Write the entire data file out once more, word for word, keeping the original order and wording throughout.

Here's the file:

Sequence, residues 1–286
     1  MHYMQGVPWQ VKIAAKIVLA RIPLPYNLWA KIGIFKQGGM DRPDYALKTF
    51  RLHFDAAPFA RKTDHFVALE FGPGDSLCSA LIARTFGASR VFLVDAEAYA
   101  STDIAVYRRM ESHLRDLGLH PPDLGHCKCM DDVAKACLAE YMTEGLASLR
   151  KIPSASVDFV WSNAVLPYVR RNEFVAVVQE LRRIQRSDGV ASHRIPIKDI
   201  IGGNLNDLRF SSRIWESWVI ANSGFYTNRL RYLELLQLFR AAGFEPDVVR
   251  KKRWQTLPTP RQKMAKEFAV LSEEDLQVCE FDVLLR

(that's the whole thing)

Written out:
Sequence, residues 1–286
     1  MHYMQGVPWQ VKIAAKIVLA RIPLPYNLWA KIGIFKQGGM DRPDYALKTF
    51  RLHFDAAPFA RKTDHFVALE FGPGDSLCSA LIARTFGASR VFLVDAEAYA
   101  STDIAVYRRM ESHLRDLGLH PPDLGHCKCM DDVAKACLAE YMTEGLASLR
   151  KIPSASVDFV WSNAVLPYVR RNEFVAVVQE LRRIQRSDGV ASHRIPIKDI
   201  IGGNLNDLRF SSRIWESWVI ANSGFYTNRL RYLELLQLFR AAGFEPDVVR
   251  KKRWQTLPTP RQKMAKEFAV LSEEDLQVCE FDVLLR